Syd Saylor
(03/24/1895 - 12/21/1962)

Leo Sailor, a.k.a. Syd (Sid) Saylor, was born into a very notable family. His father, George Sailor, was a renowned engineer, and was often called out to various locations for consultation and evaluation. In 1906 he was called to San Francisco on a job, and he had no sooner checked into his hotel than the city was devastated by the notorious 1906 earthquake. Mr. Sailor was never seen again, and was presumed to have been one of many to have died in the quake. That left Syd and his brother without a father, and to remedy that situation his mother's brother Ed moved in with the family.

Syd decided to follow his uncle Ed's advice; he studied hard and had the help of his uncle as a tutor. Syd soon joined several local actors groups. While appearing in a variety of plays put on by the troupe, Syd discovered that he had a talent for making people laugh, and his other uncle--a captain in the Los Angeles Sheriff's Department who was a former member of Mack Sennett's comedy troupe The Keystone Kops--encouraged him to go to Los Angeles to break into the film industry. Syd did just that, and his uncle used the connections he had in the film industry to get Syd's foot in the door.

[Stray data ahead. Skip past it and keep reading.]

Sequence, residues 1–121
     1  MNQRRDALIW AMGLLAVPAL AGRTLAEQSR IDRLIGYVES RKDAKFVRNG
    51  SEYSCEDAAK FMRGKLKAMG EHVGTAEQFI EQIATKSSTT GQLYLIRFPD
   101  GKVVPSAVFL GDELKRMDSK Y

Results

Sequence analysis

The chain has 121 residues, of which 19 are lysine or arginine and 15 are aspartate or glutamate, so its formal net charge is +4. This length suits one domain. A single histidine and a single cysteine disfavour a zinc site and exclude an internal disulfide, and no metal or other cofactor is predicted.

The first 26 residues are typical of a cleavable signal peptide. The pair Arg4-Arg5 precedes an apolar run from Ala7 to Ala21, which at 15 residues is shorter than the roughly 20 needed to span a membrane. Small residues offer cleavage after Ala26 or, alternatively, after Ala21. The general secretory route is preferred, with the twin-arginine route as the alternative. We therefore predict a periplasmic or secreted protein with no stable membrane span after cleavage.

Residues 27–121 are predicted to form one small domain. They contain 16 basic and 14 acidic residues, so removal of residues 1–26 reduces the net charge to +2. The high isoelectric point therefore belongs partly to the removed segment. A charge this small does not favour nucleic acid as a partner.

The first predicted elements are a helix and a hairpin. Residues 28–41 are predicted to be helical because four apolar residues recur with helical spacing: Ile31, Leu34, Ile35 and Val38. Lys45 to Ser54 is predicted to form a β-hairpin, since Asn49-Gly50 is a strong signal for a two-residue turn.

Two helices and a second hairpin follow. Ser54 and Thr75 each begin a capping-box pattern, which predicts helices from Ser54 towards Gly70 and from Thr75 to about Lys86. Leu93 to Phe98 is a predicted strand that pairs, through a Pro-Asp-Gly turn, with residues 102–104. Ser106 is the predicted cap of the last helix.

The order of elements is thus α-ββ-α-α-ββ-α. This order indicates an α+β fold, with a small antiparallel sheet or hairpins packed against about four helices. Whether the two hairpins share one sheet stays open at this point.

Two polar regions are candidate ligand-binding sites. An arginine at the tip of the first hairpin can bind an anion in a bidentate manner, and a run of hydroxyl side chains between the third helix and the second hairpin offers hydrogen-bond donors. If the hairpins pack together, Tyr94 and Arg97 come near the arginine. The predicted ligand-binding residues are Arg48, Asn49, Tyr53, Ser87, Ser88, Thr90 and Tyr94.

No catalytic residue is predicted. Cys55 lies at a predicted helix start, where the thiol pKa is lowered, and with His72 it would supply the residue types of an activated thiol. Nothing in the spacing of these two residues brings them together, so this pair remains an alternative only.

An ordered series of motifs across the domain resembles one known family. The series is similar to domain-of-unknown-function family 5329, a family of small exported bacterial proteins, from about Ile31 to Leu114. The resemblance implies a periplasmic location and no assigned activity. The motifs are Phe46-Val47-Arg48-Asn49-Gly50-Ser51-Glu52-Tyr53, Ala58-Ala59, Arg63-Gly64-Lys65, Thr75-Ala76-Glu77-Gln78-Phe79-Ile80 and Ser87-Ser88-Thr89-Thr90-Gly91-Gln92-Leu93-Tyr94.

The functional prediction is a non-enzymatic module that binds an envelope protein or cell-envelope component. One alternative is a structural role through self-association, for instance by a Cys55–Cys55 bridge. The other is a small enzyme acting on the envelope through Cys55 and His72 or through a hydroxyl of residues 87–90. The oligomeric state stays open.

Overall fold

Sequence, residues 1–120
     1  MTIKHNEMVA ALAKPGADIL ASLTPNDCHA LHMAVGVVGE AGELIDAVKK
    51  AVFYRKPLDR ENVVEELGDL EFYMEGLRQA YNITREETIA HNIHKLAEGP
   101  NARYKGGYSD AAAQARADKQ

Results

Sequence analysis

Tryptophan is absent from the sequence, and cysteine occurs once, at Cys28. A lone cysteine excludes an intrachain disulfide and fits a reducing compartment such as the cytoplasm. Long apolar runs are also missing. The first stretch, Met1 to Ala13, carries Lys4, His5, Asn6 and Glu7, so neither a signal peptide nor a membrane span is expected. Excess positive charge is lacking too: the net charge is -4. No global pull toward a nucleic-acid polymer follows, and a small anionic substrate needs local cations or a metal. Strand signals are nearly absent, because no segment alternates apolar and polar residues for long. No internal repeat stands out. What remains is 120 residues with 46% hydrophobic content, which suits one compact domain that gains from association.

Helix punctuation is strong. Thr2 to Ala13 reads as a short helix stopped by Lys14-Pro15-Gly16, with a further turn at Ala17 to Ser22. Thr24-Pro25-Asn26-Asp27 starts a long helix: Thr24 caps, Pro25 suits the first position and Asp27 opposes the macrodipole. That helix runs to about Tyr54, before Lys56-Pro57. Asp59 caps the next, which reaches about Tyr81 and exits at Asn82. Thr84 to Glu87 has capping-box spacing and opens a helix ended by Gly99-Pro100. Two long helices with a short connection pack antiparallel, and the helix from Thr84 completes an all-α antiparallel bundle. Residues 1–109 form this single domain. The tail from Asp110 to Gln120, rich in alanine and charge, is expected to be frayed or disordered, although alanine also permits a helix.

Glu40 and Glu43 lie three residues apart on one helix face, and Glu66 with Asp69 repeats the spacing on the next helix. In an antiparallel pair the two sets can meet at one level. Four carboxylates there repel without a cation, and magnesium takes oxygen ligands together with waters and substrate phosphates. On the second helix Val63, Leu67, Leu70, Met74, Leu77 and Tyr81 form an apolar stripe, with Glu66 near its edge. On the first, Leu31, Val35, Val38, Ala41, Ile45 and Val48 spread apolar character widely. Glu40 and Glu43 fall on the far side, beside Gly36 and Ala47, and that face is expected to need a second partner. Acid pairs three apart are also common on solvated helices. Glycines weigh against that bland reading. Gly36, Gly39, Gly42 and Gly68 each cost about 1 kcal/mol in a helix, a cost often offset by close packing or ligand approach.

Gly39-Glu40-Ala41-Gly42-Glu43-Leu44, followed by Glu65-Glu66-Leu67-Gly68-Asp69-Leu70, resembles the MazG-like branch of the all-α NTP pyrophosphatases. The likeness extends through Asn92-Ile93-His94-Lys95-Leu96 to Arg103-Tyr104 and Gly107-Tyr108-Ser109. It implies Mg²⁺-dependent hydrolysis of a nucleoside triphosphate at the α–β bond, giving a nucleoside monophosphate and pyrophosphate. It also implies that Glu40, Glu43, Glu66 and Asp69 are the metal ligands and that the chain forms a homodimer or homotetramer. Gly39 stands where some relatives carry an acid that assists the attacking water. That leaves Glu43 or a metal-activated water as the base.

Syd became a prolific character actor, recognizable by his bulging eyes, stuttering speech and a protruding Adam's apple that bobbed up and down like a pogo stick. He appeared in everything from comedies (in the 1920s he had his own series of two-reel shorts) to westerns, usually as the hero's sidekick. He wasn't just a one-note comic, though. He had a small but touching role as a lonely patient in a psychiatric hospital in The Snake Pit (1948), who goes to the facility's annual dance and desperately and sadly looks for a woman to dance with him.

He appeared in more than 170 films from 1925 until 1962.

Available Films

And George Did (1924) short

Law of the Sea (1931)

Mystery Mountain (1934)

Streamline Express (1935)

The House of Secrets (1936)